Since this class has a dependency on jQuery you might even consider writing this as a jQuery extension (which should be quite easy, using this as a starting point). This overall sort of approach would be what I would expect if I were having an experienced javascript developer assigned to this coding task - that is if this is not a simple one-off (which doesn't sound like the case for you since you were asking about extensibility).

I have not made any attempts to abstract the implementation from the object caller (by adding privacy via instance methods for example), as, generally, attaching methods on the prototype is preferred to instance methods for performance. I usually just go with the fact that javascript isn't really designed like other object oriented languages with regards to privacy and only implement instance privacy when there is a strong case for it.

First let's take a look at how you may modify the HTML.

<!--
  You can continue to pass data attributes via HTML as you are
  currently doing. You might also consider just injecting configuration
  data directly into javascript vs. using data attributes, which
  might end up with cleaner implementation, but I am not going to
  wander into that area here.
  Here the suggestion is to attach a name for
  the filtering "dimension" to the root filterControl and pass
  data on the target values and related control that each option
  toggles.
  It is important to note that all these data values
  should likely be limited to names that meet standard
  javascript object property syntax requirements.
-->
<ul class="top-level filterControl" data-filter-name="family">
    <li
        class="filterOption"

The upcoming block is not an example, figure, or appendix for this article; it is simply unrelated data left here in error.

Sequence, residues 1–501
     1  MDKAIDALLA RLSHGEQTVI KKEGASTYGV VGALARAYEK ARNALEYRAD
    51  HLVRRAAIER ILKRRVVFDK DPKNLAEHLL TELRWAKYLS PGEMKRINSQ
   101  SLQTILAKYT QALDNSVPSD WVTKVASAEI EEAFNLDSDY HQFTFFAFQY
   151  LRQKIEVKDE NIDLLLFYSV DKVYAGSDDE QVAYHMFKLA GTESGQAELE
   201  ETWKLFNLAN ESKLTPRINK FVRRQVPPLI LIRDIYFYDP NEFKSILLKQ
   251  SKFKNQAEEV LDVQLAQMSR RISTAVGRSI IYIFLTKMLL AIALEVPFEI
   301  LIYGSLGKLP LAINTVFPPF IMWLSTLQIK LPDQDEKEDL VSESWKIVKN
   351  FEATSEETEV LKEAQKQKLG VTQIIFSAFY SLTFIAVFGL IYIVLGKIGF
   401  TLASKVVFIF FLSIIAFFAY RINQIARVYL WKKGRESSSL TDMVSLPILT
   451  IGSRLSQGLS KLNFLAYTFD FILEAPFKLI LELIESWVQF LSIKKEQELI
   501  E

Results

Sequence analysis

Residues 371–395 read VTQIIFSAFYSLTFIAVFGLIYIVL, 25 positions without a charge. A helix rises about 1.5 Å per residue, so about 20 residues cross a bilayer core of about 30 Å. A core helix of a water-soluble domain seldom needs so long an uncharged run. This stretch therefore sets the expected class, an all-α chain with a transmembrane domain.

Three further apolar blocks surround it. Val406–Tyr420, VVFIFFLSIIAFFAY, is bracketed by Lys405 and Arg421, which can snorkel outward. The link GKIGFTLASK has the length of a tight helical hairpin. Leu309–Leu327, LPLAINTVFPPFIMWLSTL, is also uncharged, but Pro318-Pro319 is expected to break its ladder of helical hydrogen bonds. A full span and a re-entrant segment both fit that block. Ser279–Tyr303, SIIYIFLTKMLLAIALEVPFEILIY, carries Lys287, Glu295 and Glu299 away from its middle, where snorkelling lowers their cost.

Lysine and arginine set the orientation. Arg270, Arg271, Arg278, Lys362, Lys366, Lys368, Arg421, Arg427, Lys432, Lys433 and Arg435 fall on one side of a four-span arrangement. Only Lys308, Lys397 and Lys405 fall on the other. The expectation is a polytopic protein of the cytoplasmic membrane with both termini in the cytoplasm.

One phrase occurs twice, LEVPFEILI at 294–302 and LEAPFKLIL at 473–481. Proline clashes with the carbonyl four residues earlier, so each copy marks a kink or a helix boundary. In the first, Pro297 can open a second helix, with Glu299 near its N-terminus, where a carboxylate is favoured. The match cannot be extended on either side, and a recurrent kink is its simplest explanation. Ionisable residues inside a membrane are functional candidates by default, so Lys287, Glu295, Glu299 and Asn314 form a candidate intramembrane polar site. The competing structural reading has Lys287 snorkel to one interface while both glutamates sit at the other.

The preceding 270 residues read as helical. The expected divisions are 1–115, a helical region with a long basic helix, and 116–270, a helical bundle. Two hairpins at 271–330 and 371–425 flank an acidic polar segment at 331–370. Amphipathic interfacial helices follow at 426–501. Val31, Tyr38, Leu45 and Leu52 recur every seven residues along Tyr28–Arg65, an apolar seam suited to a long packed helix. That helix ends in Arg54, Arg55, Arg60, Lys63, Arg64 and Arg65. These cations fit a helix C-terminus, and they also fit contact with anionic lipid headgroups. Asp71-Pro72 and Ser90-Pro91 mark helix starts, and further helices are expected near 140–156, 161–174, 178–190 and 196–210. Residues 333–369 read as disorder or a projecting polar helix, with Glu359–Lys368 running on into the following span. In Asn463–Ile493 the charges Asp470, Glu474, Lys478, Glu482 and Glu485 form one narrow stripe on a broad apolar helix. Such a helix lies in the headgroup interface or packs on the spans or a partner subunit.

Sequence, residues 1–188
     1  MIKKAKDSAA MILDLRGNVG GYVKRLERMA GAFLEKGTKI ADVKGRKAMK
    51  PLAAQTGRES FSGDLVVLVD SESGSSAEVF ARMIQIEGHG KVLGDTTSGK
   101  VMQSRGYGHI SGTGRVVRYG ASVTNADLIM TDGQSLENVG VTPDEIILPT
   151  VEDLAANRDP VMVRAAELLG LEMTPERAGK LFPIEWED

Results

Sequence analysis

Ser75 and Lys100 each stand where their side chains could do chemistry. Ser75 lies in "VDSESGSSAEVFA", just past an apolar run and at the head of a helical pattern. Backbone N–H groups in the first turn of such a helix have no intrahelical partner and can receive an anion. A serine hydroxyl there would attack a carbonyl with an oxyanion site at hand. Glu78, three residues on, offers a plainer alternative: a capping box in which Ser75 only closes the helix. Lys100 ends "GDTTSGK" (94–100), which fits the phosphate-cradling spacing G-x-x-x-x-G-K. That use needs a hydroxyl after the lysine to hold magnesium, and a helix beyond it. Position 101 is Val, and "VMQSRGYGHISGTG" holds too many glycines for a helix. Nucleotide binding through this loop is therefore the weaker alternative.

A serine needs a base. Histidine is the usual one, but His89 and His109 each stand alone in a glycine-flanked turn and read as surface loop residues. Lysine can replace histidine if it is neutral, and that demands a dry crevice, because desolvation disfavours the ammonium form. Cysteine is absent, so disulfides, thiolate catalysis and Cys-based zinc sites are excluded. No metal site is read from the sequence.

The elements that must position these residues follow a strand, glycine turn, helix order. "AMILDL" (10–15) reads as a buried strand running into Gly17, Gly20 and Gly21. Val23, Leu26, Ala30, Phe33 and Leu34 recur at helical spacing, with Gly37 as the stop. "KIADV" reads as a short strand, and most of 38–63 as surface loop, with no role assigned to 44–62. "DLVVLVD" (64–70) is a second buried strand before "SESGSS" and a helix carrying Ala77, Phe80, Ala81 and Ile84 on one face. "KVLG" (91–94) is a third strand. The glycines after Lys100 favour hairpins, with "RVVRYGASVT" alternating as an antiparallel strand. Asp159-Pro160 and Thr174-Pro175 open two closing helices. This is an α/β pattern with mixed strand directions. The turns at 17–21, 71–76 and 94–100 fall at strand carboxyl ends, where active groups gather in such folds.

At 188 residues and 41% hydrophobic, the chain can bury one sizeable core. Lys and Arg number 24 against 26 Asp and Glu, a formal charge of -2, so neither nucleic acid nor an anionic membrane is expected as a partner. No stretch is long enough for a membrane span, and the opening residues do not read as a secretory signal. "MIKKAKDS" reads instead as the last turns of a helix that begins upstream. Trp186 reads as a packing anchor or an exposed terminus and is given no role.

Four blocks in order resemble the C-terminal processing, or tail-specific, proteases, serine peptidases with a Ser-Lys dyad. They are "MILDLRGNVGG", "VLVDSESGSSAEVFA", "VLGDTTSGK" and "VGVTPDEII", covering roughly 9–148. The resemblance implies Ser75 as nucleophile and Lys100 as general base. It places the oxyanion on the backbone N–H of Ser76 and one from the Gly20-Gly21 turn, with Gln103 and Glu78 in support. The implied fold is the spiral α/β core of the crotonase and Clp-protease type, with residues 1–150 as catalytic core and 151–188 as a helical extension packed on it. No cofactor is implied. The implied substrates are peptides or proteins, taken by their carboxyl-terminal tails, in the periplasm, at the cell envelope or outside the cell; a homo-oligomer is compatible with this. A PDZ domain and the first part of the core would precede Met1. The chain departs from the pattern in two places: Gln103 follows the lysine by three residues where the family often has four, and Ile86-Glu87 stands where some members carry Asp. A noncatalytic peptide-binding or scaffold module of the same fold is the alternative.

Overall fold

data-filter-target="directors"
        data-filter-control="family"
    >Directors</li>
    <li
        class="filterOption"
        data-filter-target="consultants"
        data-filter-control="family"
    >Consultants</li>
    <li
        class="filterOption"
        data-filter-target="support"
        data-filter-control="family"
    >Support</li>
</ul>
<ul class="second-level filterControl" data-filter-name="expertise">
    <li
        class="filterOption"
        data-filter-target="assetManagement"
        data-filter-control="expertise"
    >Asset Management</li>
    <li
        class="filterOption"
        data-filter-target="insurance"
        data-filter-control="expertise"
    >Insurance</li>
    <li
        class="filterOption"
        data-filter-target="wealthManagement"
        data-filter-control="expertise"
    >Wealth Management</li>
</ul>

<!--
    Here the filterable element may have any number of associated controls.
    Again passing all relevant filter options applicable to this element
    can be done via HTML data attributes, but this can begin to look
    a little odd.
    In this example we try to pass a valid JSON array representation
    with each array element being a string that indicates the filter
    dimension and option target value that this element relates to.
    This leverages jQuery.data() functionality that will automatically
    convert valid javascript literals (in this case an array literal)